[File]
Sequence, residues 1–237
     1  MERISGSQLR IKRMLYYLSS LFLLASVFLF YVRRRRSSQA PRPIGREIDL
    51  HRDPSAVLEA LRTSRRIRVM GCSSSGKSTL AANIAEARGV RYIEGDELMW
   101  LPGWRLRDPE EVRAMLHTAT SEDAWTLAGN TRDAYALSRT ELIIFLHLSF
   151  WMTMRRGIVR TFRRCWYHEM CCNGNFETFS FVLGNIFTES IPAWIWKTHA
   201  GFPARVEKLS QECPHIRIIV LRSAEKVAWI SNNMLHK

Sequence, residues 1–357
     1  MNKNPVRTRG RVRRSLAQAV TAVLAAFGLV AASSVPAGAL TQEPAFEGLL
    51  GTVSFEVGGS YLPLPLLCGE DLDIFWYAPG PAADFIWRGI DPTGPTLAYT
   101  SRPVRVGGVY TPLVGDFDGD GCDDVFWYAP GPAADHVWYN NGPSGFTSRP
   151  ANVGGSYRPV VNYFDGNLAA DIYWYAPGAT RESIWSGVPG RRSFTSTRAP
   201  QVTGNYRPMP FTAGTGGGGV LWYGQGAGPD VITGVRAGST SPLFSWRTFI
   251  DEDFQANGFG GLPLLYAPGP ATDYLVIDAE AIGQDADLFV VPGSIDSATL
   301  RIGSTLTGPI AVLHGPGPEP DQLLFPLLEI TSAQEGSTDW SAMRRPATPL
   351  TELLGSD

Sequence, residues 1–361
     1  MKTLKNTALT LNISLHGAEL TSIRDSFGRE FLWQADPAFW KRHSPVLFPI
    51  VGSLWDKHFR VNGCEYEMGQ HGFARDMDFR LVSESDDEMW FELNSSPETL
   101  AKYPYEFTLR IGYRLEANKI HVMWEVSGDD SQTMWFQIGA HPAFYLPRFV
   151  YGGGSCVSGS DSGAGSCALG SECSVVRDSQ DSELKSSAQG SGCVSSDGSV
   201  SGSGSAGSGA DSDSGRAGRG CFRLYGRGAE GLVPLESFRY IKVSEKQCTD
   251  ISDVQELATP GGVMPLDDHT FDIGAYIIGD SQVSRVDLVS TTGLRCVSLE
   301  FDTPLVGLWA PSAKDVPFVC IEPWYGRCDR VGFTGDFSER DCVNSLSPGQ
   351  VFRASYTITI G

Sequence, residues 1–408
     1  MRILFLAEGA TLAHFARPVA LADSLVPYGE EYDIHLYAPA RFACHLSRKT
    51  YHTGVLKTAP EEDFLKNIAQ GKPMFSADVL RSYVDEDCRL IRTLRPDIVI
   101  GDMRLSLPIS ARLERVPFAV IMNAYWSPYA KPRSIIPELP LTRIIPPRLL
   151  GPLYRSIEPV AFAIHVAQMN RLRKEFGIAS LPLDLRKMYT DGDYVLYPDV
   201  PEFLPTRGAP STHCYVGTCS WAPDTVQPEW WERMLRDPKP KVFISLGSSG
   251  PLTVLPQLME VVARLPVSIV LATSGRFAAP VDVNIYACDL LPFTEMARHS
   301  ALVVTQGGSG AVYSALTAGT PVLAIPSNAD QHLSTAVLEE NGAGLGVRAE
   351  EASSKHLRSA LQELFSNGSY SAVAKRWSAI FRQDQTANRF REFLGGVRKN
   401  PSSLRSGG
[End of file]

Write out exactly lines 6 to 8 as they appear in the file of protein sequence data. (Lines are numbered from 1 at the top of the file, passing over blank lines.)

   201  GFPARVEKLS QECPHIRIIV LRSAEKVAWI SNNMLHK

Sequence, residues 1–357
     1  MNKNPVRTRG RVRRSLAQAV TAVLAAFGLV AASSVPAGAL TQEPAFEGLL